October 30, 2020

4 actions to take before the next Covid-19 surge (and resources to help)

Daily Briefing

    When the first wave of Covid-19 cases arrived in the United States hospitals and health systems had to pivot to ensure they had the staff and supplies needed to treat the new disease. But as fast and intense as the first wave arrived, most models show cases are likely to rise again as the United States heads into colder temperatures. In fact, on Thursday, U.S. officials reported more than 90,000 new cases of the virus in a single day, breaking the country's previous single-day record of more than 85,000 new cases on Oct. 23.

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    While the United States' original wave began on the coasts and worked its way in, this time around surges are happening throughout the country: 32 states have relatively high daily average caseloads (at least 15 cases per 100,000 people). Whether this fall is bringing your second or third wave of Covid-19 patients, now is the time to prepare for the next surge.

    To help, we've outlined four key priorities for clinical executives, and a roundup of resources to help you navigate your next surge. 

    1. Know when the next surge is coming—and plan for it. 

    Ten months into the novel coronavirus public health emergency hospitals are better equipped to anticipate outbreaks by tracking leading clinical, business, social, and mobility indicators correlated with a future surge.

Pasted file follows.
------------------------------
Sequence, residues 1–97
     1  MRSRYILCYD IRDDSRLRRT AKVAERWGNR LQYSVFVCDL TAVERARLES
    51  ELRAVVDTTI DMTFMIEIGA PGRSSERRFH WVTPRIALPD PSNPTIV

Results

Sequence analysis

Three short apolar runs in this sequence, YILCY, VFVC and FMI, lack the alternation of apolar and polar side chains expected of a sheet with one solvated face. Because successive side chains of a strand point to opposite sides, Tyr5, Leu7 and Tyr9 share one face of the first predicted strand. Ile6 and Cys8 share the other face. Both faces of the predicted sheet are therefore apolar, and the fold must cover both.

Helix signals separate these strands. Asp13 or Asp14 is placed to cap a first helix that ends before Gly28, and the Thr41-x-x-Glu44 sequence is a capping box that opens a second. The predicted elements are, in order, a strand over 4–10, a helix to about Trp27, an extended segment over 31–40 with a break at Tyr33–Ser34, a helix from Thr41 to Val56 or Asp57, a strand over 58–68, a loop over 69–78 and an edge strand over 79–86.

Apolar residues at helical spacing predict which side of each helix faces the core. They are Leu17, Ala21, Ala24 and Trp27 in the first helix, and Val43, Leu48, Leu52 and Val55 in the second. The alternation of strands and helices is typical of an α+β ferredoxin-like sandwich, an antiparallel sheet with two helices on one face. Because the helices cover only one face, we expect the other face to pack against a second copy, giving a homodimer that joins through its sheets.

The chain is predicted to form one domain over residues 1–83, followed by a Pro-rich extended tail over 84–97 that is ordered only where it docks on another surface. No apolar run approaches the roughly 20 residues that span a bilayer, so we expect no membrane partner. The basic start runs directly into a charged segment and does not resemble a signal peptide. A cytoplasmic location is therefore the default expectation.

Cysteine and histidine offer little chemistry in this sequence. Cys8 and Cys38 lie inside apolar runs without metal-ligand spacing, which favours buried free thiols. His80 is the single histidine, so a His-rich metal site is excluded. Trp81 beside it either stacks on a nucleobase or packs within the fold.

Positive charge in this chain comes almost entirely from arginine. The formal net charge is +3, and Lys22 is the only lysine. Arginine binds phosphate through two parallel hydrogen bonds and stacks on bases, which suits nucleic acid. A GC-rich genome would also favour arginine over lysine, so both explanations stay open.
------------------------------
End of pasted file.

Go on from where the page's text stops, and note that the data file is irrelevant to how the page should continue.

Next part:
Here are some of our top resources to help you predict the next wave of Covid-19 patients and model potential volume and revenue loses as a result: 

    2. Prepare to flex your clinical and operational teams to meet new demand.

    The biggest takeaway from the initial surge is that things accelerate—fast. Proactively ensuring you have enough beds and staff to safely treat an influx of Covid-19 patients and an infrastructure to care for non-Covid patients (either virtually or in-person) must remain a key priority in your preparedness plans.

    Here are some of our top resources for capacity management:

    See examples of how Baylor Scott & White Health, Gundersen, Montefiore, and Polyclinic redeployed staff to meet surge demand.

    3. Continue to prioritize staff well-being and resilience.

    Frontline health care workers are still feeling the impact from the first Covid-19 surge—and they are going to bear the brunt of the subsequent waves. Clinical executives must continue prioritize the support of frontline workers through resiliency programs and emergency staff plans.  

    Here are some of our top resources to support staff:  

    4. Keep the lines of communication open

    Th ever-evolving guidelines and state orders regarding the pandemic means clear, consistent communication with all stakeholders—including staff, patients, and the broader community—should continue to be a top priority as hospitals navigate future surges.

    Here are some of our top resources for effective communication with staff, patients, and your community:

    As you continue to navigate the challenging months ahead, we recommend taking time (as you can) to re-center yourself and your team. For guidance as you continue to lead through this crisis, we recommend tuning into our Radio Advisory podcast leadership series.

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